1870s–1890s: Italian Shoes Set the Imperial Standard<img lazy-loadable="true" src="https://assets.rebelmouse.io/eyJhbGciOiJIUzI1NiIsInR5cCI6IkpXVCJ9.eyJpbWFnZSI6Imh0dHBzOi8vYXNzZXRzLnJibC5tcy8yMzQ2Mzk4OS9vcmlnaW4uanBnIiwiZXhwaXJlc19hdCI6MTY2MDI0NDUyM30.2hSKiN_DzC6aYqKzkpLkBMY3968RXwKguYxKA3humDU/img.jpg?width=980" id="d6fb2" class="rm-shortcode" data-rm-shortcode-id="78b0e1a68e71026ecb4eb27d9b219551" data-rm-shortcode-name="rebelmouse-image" alt="Sarah Lane in pink Aurora costume in a pass\u00e9 with one arm in the air onstage" />
American Ballet Theatre's Sarah Lane in Alexei Ratmansky's reconstruction of The Sleeping Beauty
Rosalie O'Connor, Courtesy American Ballet Theatre<p> Later in the 19th century, Italian shoemakers developed reinforced pointe shoes with stiff boxes made from newspaper, flour paste and pasteboard. The shoes' cardboard insoles were reinforced with leather. "The Italian ballerinas were able to do more bravura steps on pointe, including sustained balances and multiple pirouettes," says Minden. Italian dancers traveled to Russia, where ballet was extremely popular in the imperial courts, and ultimately influenced Marius Petipa to incorporate pointework into his ballets. He used it to help define his characters, such as Princess Aurora in <em>The Sleeping Beauty</em>, whose long balances demonstrate her poise.</p>
1910s–1930s: Anna Pavlova and Capezio<img lazy-loadable="true" src="https://assets.rebelmouse.io/eyJhbGciOiJIUzI1NiIsInR5cCI6IkpXVCJ9.eyJpbWFnZSI6Imh0dHBzOi8vYXNzZXRzLnJibC5tcy8yMzQ2Mzk5Mi9vcmlnaW4uanBnIiwiZXhwaXJlc19hdCI6MTYyMDEwODQ0OH0.6y0ErJf_fM4uzL3Eol6SJYfSBdaEsFnWzrhvRT0LbEU/img.jpg?width=980" id="e3a16" class="rm-shortcode" data-rm-shortcode-id="3a6e43688dd882e516422f890393c3ae" data-rm-shortcode-name="rebelmouse-image" alt="Black and white photograph of Anna Pavlova in a white swan tutu standing in fifth position on pointe with her arms crossed at her heart" />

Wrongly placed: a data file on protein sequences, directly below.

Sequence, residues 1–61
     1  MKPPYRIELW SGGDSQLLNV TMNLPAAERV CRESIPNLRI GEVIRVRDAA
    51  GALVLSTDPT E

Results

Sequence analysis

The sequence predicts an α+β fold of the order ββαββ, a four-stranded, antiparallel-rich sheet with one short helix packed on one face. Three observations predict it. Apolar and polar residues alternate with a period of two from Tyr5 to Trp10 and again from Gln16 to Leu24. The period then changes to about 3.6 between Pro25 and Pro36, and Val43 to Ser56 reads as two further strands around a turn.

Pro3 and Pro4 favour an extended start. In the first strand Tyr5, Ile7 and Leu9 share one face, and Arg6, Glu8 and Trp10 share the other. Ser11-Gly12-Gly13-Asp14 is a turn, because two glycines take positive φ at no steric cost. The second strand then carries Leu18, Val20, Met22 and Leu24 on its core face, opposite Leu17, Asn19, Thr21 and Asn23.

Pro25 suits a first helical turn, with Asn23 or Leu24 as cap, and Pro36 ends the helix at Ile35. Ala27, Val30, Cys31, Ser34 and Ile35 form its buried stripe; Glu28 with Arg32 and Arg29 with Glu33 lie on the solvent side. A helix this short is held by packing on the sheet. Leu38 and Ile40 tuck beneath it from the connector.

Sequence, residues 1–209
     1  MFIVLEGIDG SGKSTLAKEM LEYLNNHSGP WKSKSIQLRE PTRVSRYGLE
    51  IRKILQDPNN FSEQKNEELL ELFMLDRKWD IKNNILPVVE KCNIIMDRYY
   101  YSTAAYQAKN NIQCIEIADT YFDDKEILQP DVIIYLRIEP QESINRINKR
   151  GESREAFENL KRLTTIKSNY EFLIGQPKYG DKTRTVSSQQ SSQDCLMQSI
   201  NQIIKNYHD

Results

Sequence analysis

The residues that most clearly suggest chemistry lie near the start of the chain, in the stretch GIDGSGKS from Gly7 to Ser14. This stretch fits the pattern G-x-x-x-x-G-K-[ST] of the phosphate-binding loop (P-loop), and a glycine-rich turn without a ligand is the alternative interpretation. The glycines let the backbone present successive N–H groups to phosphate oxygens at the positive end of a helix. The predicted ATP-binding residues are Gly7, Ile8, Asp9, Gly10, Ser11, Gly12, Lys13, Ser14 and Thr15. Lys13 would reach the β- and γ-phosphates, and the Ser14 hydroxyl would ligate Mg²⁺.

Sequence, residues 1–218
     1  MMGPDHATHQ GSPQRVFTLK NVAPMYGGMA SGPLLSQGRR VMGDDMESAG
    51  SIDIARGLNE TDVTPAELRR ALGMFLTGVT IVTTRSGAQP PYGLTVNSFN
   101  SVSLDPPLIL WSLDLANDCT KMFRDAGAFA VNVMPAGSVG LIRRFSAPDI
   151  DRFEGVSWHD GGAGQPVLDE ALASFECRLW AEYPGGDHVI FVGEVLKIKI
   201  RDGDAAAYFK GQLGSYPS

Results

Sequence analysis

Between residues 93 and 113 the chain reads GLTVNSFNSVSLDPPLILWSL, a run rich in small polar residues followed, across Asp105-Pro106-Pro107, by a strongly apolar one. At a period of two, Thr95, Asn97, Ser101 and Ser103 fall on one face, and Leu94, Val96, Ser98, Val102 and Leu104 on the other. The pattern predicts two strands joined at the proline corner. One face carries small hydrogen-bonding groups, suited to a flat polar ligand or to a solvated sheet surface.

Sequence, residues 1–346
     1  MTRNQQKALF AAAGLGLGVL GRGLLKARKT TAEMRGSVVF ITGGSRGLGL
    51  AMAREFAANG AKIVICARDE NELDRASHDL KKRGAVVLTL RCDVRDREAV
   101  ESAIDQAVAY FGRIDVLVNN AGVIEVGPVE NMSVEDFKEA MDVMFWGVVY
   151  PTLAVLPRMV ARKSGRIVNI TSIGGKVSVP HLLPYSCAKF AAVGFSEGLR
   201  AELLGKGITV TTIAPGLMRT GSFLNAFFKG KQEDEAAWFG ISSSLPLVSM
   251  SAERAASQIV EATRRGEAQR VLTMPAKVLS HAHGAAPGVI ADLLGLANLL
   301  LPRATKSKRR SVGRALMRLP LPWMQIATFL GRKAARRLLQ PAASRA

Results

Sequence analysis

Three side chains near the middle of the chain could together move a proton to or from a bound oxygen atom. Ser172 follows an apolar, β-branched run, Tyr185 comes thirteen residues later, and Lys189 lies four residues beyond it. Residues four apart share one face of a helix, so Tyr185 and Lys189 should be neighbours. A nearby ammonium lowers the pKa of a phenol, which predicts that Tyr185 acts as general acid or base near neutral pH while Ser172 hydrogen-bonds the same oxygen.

Anna Pavlova in 1905
Herman Mishkin, Courtesy the Museum at FIT<p> Early-20th-century prima <a href="https://www.pointemagazine.com/tag/anna-pavlova" target="_blank">Anna Pavlova</a> had very high, unstable arches, so she put leather soles inside her pointe shoes and hardened the box for more support. When she made her first trip to the U.S. in 1910, Pavlova had her company outfitted in shoes made by the Metropolitan Opera shoemaker Salvatore Capezio, thereby launching the first international pointe shoe brand. While Pavlova helped bring pointe shoes into the modern era, her shoes still had a very rounded toe and narrow vamp, making them much less stable than those worn today. "Footage of Pavlova even shows that she's sort of rocking on her toes the entire time she's on pointe," says Murray.</p>
Anna Pavlova's heavily darned shoe
Courtesy The Museum at FIT
1920s–1980s: The Shoe Adapts to Abstraction<img lazy-loadable="true" src="https://assets.rebelmouse.io/eyJhbGciOiJIUzI1NiIsInR5cCI6IkpXVCJ9.eyJpbWFnZSI6Imh0dHBzOi8vYXNzZXRzLnJibC5tcy8yMzQ2Mzk5Ni9vcmlnaW4uanBnIiwiZXhwaXJlc19hdCI6MTYzMjk4NTgyM30.CVbDN5Yk6NpnFW5ZZoBHyr5pllJvmqzvTvKG813usdM/img.jpg?width=980" id="3d6c9" class="rm-shortcode" data-rm-shortcode-id="c0320889ee8156fef69234a3bafe96d7" data-rm-shortcode-name="rebelmouse-image" alt="Reichlen, in pink tights and a black leotard with a black belt, stands in a wide fourth position with her arms in the air." />
New York City Ballet's Teresa Reichlen dancing Balanchine's 1946 The Four Temperaments
Paul Kolnik, Courtesy NYCB<p> Throughout the 19th century, the main purpose of the pointe shoe was to serve a ballet's narrative, distinguishing the mortals from supernatural fairies and sylphs. "But in the 20th century, particularly with the emergence of the Ballets Russes and then George Balanchine, you start to see an interest in pushing the vocabulary of ballet instead," says Murray. Over the next several decades, innovators from Bronislava Nijinska to <a href="https://www.pointemagazine.com/tag/william-forsythe" target="_blank">William Forsythe</a> expanded the physical limitations of ballet technique, leading to a demand for a stronger, more supportive shoe. Designs like the flat, platform box we are familiar with today were developed to give dancers more control.</p>